Luke Skywalker: Bit hard to decide here what it would be aside from the aforementioned joining of the Rebellion.
Harry Potter: Harry going to his teachers about the dangers of the stone being stolen perhaps? Sorta fits.
Anakin Skywalker: Anakin has to take cover during the fight.
3.3)Rescue from Without: â€œJust as the hero may need guides and assistants to set out on the quest, often times he or she must have powerful guides and rescuers to bring them back to everyday life, especially if the person has been wounded or weakened by the experience.â€
Luke Skywalker: He joins with the Rebellion to fight against the Death Star, being attacked by Darth Vader and being saved by Han Solo.
Harry Potter: Harry and his friends go into the third floor corridor to go rescue the stone for themselves.
Anakin Skywalker: Harry flies towards the droid’s main spaceship with the help of R2-D2.
3.4)The Crossing of the Return Threshold: â€œThe trick in returning is to retain the wisdom gained on the quest, to integrate that wisdom into a human life, and then maybe figure out how to share the wisdom with the rest of the world.â€
Luke Skywalker: â€œUse the Force, Lukeâ€
Harry Potter: Harry works out how to get the stone from the mirror.
Anakin Skywalker: Thanks to his pod-racing experience, he can fly the spaceship and accidentally blow up the main ship.
3.5)Master of Two Worlds: â€œThis step is usually represented by a transcendental hero like Jesus or Gautama Buddha. For a human hero, it may mean achieving a balance between the material and spiritual. The person has become comfortable and competent in both the inner and outer worlds.â€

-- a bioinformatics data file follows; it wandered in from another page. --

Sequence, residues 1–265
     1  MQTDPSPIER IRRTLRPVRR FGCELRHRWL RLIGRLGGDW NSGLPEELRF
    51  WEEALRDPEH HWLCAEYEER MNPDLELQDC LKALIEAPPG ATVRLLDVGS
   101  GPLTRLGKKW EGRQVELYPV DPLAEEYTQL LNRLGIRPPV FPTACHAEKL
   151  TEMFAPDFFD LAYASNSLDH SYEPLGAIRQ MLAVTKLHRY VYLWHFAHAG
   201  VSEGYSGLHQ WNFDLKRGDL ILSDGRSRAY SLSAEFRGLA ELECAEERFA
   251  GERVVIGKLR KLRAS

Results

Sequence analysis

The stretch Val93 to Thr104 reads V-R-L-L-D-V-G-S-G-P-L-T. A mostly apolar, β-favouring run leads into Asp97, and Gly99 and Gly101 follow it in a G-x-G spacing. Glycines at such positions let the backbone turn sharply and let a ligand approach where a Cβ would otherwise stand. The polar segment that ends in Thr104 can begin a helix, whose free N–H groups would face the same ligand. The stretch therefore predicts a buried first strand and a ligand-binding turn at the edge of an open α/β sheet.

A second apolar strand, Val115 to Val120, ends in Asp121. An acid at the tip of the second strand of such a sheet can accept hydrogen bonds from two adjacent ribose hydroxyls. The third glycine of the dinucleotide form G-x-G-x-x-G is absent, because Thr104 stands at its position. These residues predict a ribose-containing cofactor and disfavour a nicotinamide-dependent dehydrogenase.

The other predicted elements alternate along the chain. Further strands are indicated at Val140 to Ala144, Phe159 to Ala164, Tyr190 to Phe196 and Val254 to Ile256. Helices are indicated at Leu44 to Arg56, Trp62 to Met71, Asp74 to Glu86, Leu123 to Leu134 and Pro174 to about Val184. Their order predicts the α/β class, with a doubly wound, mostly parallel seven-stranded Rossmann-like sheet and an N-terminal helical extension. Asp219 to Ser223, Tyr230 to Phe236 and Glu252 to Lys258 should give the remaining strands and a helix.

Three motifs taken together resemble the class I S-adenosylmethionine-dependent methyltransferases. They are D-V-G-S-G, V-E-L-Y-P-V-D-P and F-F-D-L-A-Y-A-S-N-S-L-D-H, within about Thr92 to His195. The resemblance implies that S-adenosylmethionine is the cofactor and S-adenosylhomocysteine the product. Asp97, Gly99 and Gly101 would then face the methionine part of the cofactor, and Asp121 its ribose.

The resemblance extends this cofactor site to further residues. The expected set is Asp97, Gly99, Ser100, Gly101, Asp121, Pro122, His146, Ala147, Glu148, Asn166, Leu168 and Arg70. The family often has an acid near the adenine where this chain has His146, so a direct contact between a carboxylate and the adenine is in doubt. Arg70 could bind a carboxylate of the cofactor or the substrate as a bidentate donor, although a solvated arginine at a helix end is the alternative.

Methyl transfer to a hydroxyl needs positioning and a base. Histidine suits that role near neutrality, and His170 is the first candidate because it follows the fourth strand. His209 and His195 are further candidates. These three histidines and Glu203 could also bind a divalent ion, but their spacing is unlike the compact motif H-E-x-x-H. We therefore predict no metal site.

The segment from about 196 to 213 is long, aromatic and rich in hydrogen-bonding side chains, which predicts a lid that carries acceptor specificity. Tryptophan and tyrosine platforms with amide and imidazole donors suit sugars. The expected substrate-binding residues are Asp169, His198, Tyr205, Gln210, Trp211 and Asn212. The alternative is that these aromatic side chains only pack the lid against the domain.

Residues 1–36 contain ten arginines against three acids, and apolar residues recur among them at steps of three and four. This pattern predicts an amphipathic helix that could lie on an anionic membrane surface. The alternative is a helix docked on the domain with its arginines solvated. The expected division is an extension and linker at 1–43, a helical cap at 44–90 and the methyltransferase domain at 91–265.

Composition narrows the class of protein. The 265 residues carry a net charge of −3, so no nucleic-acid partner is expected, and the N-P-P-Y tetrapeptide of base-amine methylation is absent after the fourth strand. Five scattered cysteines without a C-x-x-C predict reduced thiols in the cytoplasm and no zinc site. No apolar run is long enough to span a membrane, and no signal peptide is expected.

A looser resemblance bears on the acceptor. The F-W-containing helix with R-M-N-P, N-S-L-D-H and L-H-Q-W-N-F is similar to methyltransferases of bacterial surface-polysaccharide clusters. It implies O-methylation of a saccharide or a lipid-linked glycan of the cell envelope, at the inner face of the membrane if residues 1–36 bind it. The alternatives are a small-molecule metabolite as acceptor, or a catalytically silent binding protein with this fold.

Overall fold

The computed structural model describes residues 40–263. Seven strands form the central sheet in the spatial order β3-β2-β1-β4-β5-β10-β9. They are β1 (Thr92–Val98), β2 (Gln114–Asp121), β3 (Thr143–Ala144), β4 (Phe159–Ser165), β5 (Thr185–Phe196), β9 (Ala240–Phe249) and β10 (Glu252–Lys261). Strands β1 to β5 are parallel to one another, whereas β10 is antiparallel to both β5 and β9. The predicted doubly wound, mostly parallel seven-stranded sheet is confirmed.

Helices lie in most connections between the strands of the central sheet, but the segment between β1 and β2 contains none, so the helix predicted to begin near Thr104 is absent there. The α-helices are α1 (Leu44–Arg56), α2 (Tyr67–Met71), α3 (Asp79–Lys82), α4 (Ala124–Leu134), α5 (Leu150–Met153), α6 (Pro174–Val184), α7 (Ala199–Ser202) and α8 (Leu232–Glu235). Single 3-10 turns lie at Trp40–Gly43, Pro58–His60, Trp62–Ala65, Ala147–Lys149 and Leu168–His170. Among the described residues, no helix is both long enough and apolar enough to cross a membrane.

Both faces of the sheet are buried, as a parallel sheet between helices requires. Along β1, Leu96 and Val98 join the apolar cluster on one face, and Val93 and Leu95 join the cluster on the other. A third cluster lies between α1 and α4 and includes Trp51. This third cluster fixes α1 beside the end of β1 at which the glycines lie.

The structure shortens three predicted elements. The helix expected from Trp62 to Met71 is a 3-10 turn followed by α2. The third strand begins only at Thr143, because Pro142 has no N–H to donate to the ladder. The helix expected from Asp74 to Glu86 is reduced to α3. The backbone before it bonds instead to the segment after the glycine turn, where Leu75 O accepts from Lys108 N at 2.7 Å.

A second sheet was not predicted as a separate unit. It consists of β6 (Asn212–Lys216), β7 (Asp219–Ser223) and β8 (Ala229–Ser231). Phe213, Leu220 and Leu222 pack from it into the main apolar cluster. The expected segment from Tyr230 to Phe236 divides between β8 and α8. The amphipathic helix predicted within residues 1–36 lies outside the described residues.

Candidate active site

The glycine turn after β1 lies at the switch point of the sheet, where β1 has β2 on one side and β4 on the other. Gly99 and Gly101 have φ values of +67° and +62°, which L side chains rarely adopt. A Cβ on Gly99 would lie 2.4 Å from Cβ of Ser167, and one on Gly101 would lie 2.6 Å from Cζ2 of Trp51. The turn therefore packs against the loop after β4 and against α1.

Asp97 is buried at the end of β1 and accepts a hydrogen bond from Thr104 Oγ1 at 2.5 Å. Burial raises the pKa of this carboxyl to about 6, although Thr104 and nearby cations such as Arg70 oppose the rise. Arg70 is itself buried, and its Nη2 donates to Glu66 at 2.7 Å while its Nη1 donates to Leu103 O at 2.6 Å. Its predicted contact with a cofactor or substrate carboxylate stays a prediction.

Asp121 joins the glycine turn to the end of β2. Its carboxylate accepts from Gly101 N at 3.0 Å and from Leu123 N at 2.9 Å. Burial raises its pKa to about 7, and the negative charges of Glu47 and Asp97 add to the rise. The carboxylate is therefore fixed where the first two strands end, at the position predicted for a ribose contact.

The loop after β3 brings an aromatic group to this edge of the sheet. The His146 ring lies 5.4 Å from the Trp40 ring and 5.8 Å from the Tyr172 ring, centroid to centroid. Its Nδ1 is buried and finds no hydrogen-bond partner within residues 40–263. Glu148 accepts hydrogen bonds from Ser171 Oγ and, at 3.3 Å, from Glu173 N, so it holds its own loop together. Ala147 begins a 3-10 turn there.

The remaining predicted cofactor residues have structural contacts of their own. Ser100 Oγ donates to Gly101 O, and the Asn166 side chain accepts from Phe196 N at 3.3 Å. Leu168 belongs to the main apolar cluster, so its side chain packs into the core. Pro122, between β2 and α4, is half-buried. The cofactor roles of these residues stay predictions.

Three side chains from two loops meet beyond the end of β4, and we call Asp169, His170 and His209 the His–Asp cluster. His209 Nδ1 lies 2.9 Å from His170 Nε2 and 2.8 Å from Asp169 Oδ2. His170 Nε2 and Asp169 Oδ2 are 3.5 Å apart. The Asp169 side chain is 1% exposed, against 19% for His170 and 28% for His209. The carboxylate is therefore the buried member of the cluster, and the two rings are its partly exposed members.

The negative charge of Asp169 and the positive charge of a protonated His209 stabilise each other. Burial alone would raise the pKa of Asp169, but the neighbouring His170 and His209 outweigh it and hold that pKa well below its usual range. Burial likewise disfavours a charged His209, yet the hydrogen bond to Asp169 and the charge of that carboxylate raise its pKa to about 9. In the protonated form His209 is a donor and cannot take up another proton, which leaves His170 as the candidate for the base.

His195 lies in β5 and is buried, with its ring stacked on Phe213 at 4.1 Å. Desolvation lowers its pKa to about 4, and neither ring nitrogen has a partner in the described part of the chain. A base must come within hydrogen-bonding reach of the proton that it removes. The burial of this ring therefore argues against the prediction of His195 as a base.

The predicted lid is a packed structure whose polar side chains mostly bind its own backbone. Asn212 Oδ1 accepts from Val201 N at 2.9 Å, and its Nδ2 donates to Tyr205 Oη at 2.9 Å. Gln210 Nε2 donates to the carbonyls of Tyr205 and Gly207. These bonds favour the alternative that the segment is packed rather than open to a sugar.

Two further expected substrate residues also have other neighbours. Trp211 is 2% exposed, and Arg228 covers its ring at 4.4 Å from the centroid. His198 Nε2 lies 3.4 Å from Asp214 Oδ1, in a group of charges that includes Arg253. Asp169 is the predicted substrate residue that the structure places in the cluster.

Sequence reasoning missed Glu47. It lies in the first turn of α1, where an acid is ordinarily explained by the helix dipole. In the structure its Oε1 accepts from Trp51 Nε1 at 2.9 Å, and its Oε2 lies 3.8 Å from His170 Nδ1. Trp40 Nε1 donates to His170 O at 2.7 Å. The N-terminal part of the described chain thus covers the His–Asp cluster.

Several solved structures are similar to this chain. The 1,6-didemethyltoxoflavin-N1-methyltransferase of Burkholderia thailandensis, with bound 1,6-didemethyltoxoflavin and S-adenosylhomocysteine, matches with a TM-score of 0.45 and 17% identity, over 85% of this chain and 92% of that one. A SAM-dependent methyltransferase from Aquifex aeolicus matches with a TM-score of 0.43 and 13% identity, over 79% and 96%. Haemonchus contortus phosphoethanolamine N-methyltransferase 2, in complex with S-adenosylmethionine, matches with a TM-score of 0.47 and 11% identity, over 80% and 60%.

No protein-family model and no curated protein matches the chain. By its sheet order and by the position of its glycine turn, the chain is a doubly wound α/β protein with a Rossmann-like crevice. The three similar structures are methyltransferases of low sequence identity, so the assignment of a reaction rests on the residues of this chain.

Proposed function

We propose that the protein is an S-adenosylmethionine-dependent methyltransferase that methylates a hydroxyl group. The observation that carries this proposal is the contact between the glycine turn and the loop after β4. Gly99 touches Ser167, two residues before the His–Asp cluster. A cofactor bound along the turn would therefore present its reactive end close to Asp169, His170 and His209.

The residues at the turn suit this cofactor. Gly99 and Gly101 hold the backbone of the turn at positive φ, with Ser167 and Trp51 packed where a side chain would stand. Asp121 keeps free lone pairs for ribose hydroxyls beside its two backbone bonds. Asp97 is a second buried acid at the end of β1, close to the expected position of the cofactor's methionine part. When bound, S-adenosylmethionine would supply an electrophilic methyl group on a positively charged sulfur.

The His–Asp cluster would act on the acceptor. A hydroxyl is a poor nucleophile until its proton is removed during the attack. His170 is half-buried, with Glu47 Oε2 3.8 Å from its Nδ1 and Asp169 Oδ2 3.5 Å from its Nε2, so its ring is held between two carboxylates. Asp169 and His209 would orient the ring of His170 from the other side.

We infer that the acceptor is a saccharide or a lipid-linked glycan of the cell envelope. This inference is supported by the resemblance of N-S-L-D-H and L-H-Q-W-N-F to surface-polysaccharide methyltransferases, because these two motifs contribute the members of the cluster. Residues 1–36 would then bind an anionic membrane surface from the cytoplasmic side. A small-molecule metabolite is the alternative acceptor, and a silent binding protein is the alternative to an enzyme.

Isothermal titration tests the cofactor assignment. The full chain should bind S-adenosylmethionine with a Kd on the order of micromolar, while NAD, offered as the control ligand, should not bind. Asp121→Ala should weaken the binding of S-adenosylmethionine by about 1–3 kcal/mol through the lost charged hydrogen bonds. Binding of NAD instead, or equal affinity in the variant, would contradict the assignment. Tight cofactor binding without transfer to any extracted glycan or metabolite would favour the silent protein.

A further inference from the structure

Luke Skywalker: Luke manages to make the winning shot without using the main computer, blowing up the Death Star and killing millions of innocent workers.
Harry Potter: Harry uses his mother’s protection to fight against Quirrell and Voldermort and save the day.
Anakin Skywalker: Anakin saves the day and returns back to Naboo.
3.6)Freedom to Live: â€œMastery leads to freedom from the fear of death, which in turn is the freedom to live. This is sometimes referred to as living in the moment, neither anticipating the future nor regretting the past.â€
Luke Skywalker: Luke gets his medal for helping the Rebellion (though why they have medals and ceremonies at all is something that’s always left me curious).